The people that broke into the IRS website last week and downloaded the 100,000 returns had help from their victims.
The IRS had set up questions designed to ensure that only the taxpayer obtained access to the stored tax form. Some of the information the IRS asked for (birth date, street address) can be gathered from other government sites. In addition, the IRS says it asked, “several personal identity verification questions that typically are only known by the taxpayer.” (See the IRS statement)
Posts to social media may have given the hackers some of these answers (such as marital status). Other answers could be guessed or copied from other web sites the bad guys had gotten into.
The IRS has not released the list of additional validation tests it made, but we have two immediate suggestions:
- Review the information you’ve posted about yourself on Facebook, Twitter, and other social media sites. Think like a crook. Have you published enough information for a evil doer to be able to answer the security questions websites typically ask for when you’re asking to reset your password?
If so, remove some of the information or change who can see all of your information.
- When a website asks for your favorite color, food, or first pet’s name, don’t tell the truth! Make up a nonsense answer like “Swablar” that you will remember but cannot be guessed or found associated with you anywhere online.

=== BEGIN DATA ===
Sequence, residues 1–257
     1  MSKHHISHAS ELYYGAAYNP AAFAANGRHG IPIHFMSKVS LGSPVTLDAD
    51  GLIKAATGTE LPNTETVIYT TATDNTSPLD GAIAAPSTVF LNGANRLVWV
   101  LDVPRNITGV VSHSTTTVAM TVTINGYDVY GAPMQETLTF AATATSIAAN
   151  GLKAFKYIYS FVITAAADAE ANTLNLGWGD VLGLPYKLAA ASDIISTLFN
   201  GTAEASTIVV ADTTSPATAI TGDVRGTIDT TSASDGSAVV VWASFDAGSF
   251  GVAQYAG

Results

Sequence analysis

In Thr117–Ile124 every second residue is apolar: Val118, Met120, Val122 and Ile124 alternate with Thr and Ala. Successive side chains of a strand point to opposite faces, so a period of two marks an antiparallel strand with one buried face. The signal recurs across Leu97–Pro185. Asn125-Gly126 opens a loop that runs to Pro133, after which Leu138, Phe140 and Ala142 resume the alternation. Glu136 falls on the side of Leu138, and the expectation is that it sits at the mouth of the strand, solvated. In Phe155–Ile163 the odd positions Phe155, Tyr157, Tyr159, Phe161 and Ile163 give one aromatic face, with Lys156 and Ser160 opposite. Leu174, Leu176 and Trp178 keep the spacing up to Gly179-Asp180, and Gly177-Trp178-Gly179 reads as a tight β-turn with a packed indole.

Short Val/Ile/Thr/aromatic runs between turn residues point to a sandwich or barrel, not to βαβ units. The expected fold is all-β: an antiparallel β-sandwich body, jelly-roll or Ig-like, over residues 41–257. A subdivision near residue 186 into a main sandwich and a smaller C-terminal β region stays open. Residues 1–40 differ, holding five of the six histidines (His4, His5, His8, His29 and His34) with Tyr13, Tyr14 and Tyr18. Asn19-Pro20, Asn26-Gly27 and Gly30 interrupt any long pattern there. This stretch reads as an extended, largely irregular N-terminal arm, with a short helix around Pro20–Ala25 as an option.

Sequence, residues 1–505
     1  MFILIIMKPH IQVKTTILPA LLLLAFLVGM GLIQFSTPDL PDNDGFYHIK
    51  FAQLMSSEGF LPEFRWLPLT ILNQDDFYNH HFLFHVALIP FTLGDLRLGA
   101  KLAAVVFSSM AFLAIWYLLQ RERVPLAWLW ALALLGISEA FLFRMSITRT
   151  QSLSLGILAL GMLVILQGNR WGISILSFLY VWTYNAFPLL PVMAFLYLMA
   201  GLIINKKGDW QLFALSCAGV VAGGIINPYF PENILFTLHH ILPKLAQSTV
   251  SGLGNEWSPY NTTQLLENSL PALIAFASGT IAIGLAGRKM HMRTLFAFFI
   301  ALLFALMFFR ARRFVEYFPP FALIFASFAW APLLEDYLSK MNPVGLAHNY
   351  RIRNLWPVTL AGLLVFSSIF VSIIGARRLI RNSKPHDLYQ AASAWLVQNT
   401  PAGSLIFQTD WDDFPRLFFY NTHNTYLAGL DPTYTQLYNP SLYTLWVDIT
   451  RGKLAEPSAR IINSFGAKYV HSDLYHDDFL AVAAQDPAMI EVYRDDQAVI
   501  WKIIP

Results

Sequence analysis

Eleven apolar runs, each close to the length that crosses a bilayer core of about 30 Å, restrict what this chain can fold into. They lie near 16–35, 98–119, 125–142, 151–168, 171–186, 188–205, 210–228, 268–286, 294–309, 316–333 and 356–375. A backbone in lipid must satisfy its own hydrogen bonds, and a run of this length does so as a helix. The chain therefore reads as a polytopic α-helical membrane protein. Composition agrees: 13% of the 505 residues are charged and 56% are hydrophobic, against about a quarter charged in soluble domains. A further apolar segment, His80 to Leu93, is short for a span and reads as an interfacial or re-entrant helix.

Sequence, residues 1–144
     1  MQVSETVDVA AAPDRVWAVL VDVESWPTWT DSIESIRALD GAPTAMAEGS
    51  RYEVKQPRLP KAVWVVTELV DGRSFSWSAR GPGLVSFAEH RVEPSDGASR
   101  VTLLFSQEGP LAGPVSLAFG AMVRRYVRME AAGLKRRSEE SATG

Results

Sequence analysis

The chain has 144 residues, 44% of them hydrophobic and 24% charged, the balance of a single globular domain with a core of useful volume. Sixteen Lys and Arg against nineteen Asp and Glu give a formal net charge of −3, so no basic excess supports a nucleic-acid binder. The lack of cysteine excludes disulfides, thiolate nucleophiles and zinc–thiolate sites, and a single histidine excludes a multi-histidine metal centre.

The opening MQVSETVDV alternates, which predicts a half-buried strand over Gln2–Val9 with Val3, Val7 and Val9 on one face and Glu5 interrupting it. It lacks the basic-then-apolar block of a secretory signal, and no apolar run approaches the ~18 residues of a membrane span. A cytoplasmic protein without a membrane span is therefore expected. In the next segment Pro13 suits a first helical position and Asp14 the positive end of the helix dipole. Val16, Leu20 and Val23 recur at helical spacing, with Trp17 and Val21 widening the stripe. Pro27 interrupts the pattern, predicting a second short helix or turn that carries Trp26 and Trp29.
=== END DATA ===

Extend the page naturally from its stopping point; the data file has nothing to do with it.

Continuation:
We’ve read articles saying that those validation questions asked by sites are dangerous because so many of the responses (pet’s name, high school, first boy/girlfriend) can be either found on Facebook or on other public sites.
Other answers are so common that thieves can get authenticated by simply typing in the most popular responses. We’ve seen articles that said “pizza” is the favorite food of a majority of Americans, so even if pizza is your favorite food, answer “Swablar”. I don’t even know if a “Swablar” is edible, but it’s not likely to be guessed by a crook!
In addition, when you participate in a meme on Facebook or another site that says it’s going to tell you what city you should live in, what religion you should be, or what celebrity you are like, be careful! Are you typing answers to any of your security questions on another site? Who is running the meme anyway?
Finally, although this week’s IRS hack doesn’t seem to involve weak passwords, please consider switching to a password vault application like Lastpass. These apps remember your passwords and will generate difficult-to-crack gibberish passwords which will keep you safe(r). (For more on Lastpass, read a posting made after the 2014 Kickstarter hack.)